Getting Reading for Week 7: Abbreviations

*This week’s blog post is brought to you by Veronica and Lynsay*

This week we’re looking at abbreviations! Though many people today use abbreviations when sending messages over text, few might realize that shortening words isn’t actually a new practice. These readings will examine the use of abbreviations (and punctuation in the case of Intro to Manuscript Studies and Shady Characters) across various regions in Medieval Europe. The textbook introduced us to some new Latin words as well; distinctiones, positurae and a few other Latin phrases thrown around. Latin does not come naturally to me, so it tends to take longer for me to grasp the definition of certain Latin words. Here’s a quick reminder of those two words (because if I was reading this I would have had no clue what those were from the top of my head):

 Distinctiones: single points (punctus) that were placed at different heights to indicate different pauses while reading.

Positurae: a system that showed the reader how they should use their voice while reading (higher, lower, emphasis) using different punctus.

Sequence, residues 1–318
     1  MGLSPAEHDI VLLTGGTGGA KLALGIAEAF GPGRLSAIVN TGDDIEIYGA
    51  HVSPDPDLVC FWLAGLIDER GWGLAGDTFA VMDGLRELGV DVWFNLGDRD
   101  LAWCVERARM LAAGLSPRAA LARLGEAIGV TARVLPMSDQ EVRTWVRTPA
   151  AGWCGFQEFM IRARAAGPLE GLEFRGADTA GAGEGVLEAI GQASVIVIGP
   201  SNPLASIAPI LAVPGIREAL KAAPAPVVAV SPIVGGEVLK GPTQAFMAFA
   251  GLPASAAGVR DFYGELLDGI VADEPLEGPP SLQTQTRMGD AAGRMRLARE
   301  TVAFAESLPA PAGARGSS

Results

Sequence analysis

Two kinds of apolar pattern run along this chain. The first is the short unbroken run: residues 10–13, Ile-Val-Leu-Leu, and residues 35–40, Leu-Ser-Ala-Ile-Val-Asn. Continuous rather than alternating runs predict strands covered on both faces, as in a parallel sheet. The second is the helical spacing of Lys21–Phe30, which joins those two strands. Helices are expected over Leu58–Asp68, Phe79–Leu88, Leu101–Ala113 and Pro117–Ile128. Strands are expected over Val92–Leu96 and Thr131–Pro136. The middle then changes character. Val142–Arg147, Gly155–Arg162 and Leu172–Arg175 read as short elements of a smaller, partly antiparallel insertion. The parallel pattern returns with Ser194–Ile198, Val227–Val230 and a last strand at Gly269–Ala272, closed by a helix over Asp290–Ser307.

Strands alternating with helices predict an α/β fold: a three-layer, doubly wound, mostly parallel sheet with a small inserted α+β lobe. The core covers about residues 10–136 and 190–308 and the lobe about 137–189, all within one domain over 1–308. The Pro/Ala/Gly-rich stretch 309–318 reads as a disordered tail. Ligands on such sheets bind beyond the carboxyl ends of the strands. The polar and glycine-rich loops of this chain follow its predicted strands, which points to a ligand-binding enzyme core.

• In what situations might abbreviations be preferable? What are the benefits and disadvantages for historians when looking at manuscripts that use abbreviations? What are the possible ways to overcome the challenge of understanding/transcribing abbreviations?
  • Much like the style of text abbreviations seems to vary across different regions. What might account for these differences? Why weren’t they just universal? Have you noticed during our time any differences in abbreviations across countries or regions?
  • Take a look at your own manuscript. Can you see any abbreviations or punctuation? Do they look like any of the examples provided in the textbook or are they their own alien punctuation?
  • Why do you think abbreviations were different depending on the region (Latin regions that is)? Why weren’t they just universal?
  • Not so much a question, but the third part of the Emoji article was published on October 14th, so I recommend taking a look:


Expanding and comprehending abbreviations can be a frustrating process but it provides another piece of the puzzle when historians try to understand medieval manuscripts. The next step is trying to share what we know about abbreviations with the wider public in a way that does not come off as dry and boring. Also, we need to find a way to share what we know about abbreviations to help further academics with their transcriptions down the road. As you read think about ways we can share with others (both academics and the wider public) our understanding of medieval abbreviations.